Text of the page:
We know more in 2020 about the complex issue of gender equity in the workplace than ever before. But have the multiple and momentous upheavals of the past 12 months helped or hindered progress toward gender pay equity?
The good news amid so much awful this year is that more employers are conducting pay audits to determine if men and women are paid equally for comparable work than they were in 2018, according to research from the Institute for Corporate Productivity (i4cp).
An i4cp survey conducted this month (a follow-up to our groundbreaking research of 2018) of more than 200 business professionals found 80% reporting that their organizations currently conduct pay audits or are planning to do so, up significantly from 59% in May 2018.
Has your organization conducted a pay audit to determine if men and women are paid equally for comparable work?
Although the number of professionals who told us that they perceive gender pay inequity as a problem in their organizations is relatively low (just 22% both in 2018 and in 2020), women are still more likely to say this is the case in their organizations, and we see only modest shifts in perceptions about pay inequity along gender lines.
In 2018, 25% of women said they believed the gender pay gap to be a problem in their companies while 13% of men agreed.
In 2020, the number of women who reported they believe pay inequity is a problem in their organizations remains largely unchanged—24%—but the number of men who had this same perception grew to 19%.
Response to a new question we added this year: “Beyond identifying whether gender pay disparities exist, does your organization take steps to understand why the disparities exist?” we found that overwhelmingly (83%), organizations are indeed taking the step post-audit to identify the factors leading to gender pay gaps, and an additional 11% have plans in the works to do so too. Only 2% said this isn’t happening in their companies and there are no plans to do so in the future.
Both the 2018 and the 2020 i4cp surveys are built upon six key strategies we noted via a comprehensive literature review to be consistently cited by researchers and thought leaders alike as effective practices to address gender pay inequity:
- Conduct a pay audit to determine if men and women are paid equally for comparable work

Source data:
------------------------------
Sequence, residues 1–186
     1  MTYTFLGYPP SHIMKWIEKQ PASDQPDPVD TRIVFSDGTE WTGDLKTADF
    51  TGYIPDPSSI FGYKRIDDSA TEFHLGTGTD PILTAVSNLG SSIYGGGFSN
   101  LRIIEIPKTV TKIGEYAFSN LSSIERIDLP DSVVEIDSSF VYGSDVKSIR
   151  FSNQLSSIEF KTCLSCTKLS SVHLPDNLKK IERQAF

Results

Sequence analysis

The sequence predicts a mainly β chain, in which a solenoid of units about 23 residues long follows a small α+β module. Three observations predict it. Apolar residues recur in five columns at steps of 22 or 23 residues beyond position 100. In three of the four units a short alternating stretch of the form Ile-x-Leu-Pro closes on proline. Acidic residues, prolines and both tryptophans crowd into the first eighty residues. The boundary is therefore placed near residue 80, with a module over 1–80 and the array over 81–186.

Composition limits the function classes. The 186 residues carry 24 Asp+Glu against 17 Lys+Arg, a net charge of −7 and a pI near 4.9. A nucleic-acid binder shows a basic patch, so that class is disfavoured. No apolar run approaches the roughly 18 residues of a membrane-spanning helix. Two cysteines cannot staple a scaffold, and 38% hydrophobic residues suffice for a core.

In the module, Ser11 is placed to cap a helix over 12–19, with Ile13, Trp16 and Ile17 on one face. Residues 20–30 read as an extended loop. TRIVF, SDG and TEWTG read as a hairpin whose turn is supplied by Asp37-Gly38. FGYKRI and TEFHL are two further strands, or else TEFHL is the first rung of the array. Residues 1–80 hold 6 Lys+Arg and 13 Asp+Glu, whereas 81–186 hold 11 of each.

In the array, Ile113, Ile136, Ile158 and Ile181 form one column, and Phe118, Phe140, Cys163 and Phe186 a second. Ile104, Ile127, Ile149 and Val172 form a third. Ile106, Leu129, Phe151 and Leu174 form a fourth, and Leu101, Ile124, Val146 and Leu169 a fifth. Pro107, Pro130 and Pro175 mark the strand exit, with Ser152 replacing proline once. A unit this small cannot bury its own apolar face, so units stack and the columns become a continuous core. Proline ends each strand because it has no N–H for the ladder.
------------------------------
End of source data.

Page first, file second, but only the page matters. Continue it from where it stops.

- Create transparent “salary bands” (i.e., pay ranges for certain roles and levels)
- Make pay transparent (i.e., salaries and the formulas to reach them are openly available)
- Eliminate salary negotiation for new hires
- Stop asking candidates to disclose their salary histories
- Offer flexibility in work arrangements for all employees
Beyond pay auditing, here’s where things stood in terms of adoption of these practices in 2018 and progress (or not) in the ensuing 30 months:
Create transparent “salary bands” (i.e., pay ranges for certain roles and levels)
In 2020, the number of those who said their organizations have salary bands doubled from what it was in 2018: 80%. The number who said no we don’t have salary bands in my company, and we have no plans to create them dropped to 10% from 38% in 2018. So, progress is clear and resistance to creating salary bands is in decline, which in turn decreases the odds of factors such as bias and just plain old arbitrary decision making coming into play when it comes to pay.
Make pay transparent (i.e., salaries and the formulas to reach them are openly available)
In 2018, a combined 32% reported having pay transparency in place or plans to do so; a resounding 65% said no, we don’t do that and there are no plans to. In 2020 we see movement—the “no way, no how, not now, not ever” number dropped slightly (from 65% to 51%) and a combined 46% reported having salary transparency now or plans to.